Micah Vorwaller

How does keeping tens of thousands of Utah families uninsured – including almost 2,000 people in Grand County – benefit the rest of us?

According to some members of the Utah Legislature, it’s just too risky to give these families access to affordable health care.

But does that make sense?

As of today, 31 states have expanded Medicaid. The most recent data from these states show uninsured rates falling dramatically and state budgets realizing millions of dollars in savings and new revenue. A prime example is Montana – which, like Utah, is an independent Western state with no love for Washington. But after Montanans decided that denying health care coverage to their fellow residents wasn’t right, their legislature expanded Medicaid. So far, Montana’s uninsured rate has been cut in half – from 15 percent to 7.4 percent – and the state is saving millions of dollars a year thanks to cost savings it adopted along with the expanded coverage.

Montana’s results aren’t unique – a recent report by the Robert Wood Johnson Foundation predicts that every state that expands Medicaid can expect similar benefits. Colorado saved $136 million in 2014 and expected to save $148 million in 2015 as adults and parents transition from inefficient Medicaid waivers to their new coverage.

Meanwhile, Utah’s uninsured rate is 12.4 percent – almost double the rate in Montana and 50 percent higher than the national average. Plus, Utah now has the highest rate of uninsured Latino children in the nation. That’s not just risky; it’s embarrassing.

But expanding Medicaid is too expensive, other legislators claim.

Really? Under House Bill 437, the minimal expansion plan passed by the legislature earlier this year, taxpayers would pay $17.6 million in state funds to help 10,000 people. It will cost $1,760 annually to cover each lucky person.

Under the full-expansion Healthy Utah plan – which the legislature voted down in 2015 – taxpayers would pay $25 million to cover 109,000 low-income Utahns, dropping the yearly cost to $230 per person. This is because the Healthy Utah plan returns hundreds of millions of taxpayer dollars to invest in health care access and coverage. Now which coverage plan sounds more expensive?

But the federal government can’t be trusted, other lawmakers chime in. Just look at the 2015 collapse of Arches, Utah’s insurance co-op. But Arches’ failure isn’t connected to Medicaid expansion at all. It was caused by a “poison pill” that Congress inserted into a 2014 spending bill to sabotage the ability of small insurers like Arches to cover the pent-up demand of previously uninsured consumers.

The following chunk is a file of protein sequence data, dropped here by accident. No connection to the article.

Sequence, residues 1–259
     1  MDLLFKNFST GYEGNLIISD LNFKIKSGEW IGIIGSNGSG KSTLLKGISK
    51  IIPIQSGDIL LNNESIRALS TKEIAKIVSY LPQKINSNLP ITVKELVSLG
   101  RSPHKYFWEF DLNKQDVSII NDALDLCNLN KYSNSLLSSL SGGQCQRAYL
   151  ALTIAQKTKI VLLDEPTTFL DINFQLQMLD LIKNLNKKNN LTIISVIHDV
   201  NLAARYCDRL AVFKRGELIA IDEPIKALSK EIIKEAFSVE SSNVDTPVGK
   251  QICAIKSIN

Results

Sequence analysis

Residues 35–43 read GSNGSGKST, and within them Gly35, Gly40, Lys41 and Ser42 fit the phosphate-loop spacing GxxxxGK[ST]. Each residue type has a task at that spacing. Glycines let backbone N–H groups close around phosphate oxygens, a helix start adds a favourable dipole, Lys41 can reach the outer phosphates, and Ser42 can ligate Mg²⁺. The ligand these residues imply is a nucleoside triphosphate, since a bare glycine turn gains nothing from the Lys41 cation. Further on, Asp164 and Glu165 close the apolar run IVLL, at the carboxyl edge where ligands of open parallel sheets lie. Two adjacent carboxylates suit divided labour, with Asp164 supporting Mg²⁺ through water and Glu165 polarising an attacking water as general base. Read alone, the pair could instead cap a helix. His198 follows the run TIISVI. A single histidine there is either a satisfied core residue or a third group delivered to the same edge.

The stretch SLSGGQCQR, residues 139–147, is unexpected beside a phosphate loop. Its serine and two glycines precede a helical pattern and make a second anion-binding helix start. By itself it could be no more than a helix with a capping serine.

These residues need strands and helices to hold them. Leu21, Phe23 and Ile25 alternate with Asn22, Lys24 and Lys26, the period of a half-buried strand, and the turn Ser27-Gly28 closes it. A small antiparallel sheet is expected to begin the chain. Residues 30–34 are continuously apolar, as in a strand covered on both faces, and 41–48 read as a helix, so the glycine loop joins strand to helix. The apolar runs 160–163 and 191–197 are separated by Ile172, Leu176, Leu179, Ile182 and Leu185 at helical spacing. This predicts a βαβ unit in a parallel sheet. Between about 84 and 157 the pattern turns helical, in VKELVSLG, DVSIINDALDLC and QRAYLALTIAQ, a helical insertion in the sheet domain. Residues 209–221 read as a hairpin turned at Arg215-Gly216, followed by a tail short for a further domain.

Medicaid funding is completely unrelated. For states that expand Medicaid, the federal government covers 100 percent of the expansion costs through 2016. Afterward, the federal matching rate decreases to 90 percent by 2020. Currently, Utah pays 30 percent of Medicaid spending, with the federal government covering the remaining 70 percent. This is why the Healthy Utah plan – which triggers the enhanced match by completely closing Utah’s coverage gap – is so much more fiscally efficient than a partial expansion.

Utah should fully expand Medicaid to give the 63,000 Utahns in the coverage gap access to affordable coverage and create millions of dollars in state budget savings and new revenue. The results from Montana, Colorado, Oregon and other states are clear: Expanding Medicaid not only conserves taxpayer dollars, it makes families healthier and more financially secure.

Eliminating the pitfalls embedded in Utah’s current safety-net system will also address statewide challenges such as homelessness, intergenerational poverty, the spike in suicides caused by lack of mental health coverage and the scourge of opioid abuse that impacts all races, classes and income levels.

If lawmakers are truly concerned about cost, risk and sustainability, they should recognize that perpetuating Utah’s coverage gap is far more expensive, perilous and unmanageable than fixing it. If you agree, contact your local representatives and voice your support for full Medicaid expansion before Utah loses even more ground.

Micah Vorwaller is health policy analyst for Utah Health Policy Project.

The results from Montana, Colorado, Oregon and other states are clear: Expanding Medicaid not only conserves taxpayer dollars, it makes families healthier and more financially secure.